Testing with pytest - part 2

In [ ]:
# Let's make sure pytest and ipytest packages are installed
# ipytest is required for running pytest inside Jupyter notebooks
import sys
!{sys.executable} -m pip install pytest
!{sys.executable} -m pip install ipytest

import ipytest.magics
import pytest
__file__ = 'testing2.ipynb'


Let's consider we have an implemention of Person class which we want to test.

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# This would be e.g. in person.py
class Person:
    def __init__(self, first_name, last_name, age):
        self.first_name = first_name
        self.last_name = last_name
        self.age = age
    def full_name(self):
        return '{} {}'.format(self.first_name, self.last_name)
    def as_dict(self):
        return {'name': self.full_name, 'age': self.age}
    def increase_age(self, years):
        if years < 0:
            raise ValueError('Can not make people younger :(')
        self.age += years

You can easily create resusable testing code by using pytest fixtures. If you introduce your fixtures inside conftest.py, the fixtures are available for all your test cases. In general, the location of conftest.py is at the root of your tests directory.

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# This would be in either conftest.py or test_person.py
def default_person():
    person = Person(first_name='John', last_name='Doe', age=82)
    return person

Then you can utilize default_person fixture in the actual test cases.

In [ ]:

# These would be in test_person.py
def test_full_name(default_person): # Note: we use fixture as an argument of the test case
    result = default_person.full_name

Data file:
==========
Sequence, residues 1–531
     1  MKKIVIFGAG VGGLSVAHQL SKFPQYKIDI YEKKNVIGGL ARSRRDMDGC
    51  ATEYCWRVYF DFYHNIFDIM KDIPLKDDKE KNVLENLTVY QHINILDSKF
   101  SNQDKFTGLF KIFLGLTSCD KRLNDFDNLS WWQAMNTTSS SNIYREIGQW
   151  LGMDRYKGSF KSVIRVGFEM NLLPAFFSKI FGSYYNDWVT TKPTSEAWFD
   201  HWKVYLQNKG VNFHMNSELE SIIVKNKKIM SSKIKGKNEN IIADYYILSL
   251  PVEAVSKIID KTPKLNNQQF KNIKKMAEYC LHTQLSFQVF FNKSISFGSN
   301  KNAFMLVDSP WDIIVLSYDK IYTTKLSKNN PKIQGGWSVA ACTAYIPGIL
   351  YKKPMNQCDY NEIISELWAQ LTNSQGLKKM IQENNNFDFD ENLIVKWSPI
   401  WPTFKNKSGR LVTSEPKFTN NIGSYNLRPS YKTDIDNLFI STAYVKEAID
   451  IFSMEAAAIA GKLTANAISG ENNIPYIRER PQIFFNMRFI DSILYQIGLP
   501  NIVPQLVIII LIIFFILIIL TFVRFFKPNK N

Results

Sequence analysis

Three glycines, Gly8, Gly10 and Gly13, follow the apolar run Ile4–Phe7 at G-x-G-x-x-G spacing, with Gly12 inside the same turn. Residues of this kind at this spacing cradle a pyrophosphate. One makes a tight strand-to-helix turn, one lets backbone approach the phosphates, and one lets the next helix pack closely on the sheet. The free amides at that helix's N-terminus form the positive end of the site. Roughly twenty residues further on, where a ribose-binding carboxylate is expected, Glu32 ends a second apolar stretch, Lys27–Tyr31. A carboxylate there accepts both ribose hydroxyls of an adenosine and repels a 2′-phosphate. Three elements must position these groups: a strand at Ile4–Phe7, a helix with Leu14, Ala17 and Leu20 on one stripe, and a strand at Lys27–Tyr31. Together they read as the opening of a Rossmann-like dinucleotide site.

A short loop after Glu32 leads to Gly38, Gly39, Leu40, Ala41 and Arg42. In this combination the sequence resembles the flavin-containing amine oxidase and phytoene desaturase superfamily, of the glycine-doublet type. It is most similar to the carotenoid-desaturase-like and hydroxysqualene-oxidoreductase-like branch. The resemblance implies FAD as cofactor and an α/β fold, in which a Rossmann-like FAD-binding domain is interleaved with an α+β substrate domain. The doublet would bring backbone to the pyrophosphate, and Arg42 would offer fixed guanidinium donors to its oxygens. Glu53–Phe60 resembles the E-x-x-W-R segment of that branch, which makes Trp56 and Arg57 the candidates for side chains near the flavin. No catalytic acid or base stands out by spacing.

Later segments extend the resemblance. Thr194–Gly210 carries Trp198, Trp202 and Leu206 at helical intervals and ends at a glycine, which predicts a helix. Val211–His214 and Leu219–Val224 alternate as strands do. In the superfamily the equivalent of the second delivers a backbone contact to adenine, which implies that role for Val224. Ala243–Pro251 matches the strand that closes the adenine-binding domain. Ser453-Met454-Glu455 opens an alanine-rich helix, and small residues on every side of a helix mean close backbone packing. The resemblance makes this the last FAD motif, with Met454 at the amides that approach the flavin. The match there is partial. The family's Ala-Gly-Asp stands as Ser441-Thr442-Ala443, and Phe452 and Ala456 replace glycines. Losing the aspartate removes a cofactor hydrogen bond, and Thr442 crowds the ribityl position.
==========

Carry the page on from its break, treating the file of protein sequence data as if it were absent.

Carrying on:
assert result == 'John Doe'
def test_as_dict(default_person):
    expected = {'name': 'John Doe', 'age': 82}
    result = default_person.as_dict
    assert result == expected
def test_increase_age(default_person):
    assert default_person.age == 83
    assert default_person.age == 93
def test_increase_age_with_negative_number(default_person):
    with pytest.raises(ValueError):

By using a fixture, we could use the same default_person for all our four test cases!

In the test_increase_age_with_negative_number we used pytest.raises to verify that an exception is raised.


Sometimes you want to test the same functionality with multiple different inputs. pytest.mark.parametrize is your solution for defining multiple different inputs with expected outputs. Let's consider the following implementation of replace_names function.

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# This would be e.g. in string_manipulate.py
def replace_names(original_str, new_name):
    """Replaces names (uppercase words) of original_str by new_name"""
    words = original_str.split()
    manipulated_words = [new_name if w.istitle() else w for w in words]
    return ' '.join(manipulated_words)

We can test the replace_names function with multiple inputs by using pytest.mark.parametrize.

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# This would be in your test module
@pytest.mark.parametrize("original,new_name,expected", [
        ('this is Lisa', 'John Doe', 'this is John Doe'),
        ('how about Frank and Amy', 'John', 'how about John and John'),
        ('no names here', 'John Doe', 'no names here'),
def test_replace_names(original, new_name, expected):
    result = replace_names(original, new_name)
    assert result == expected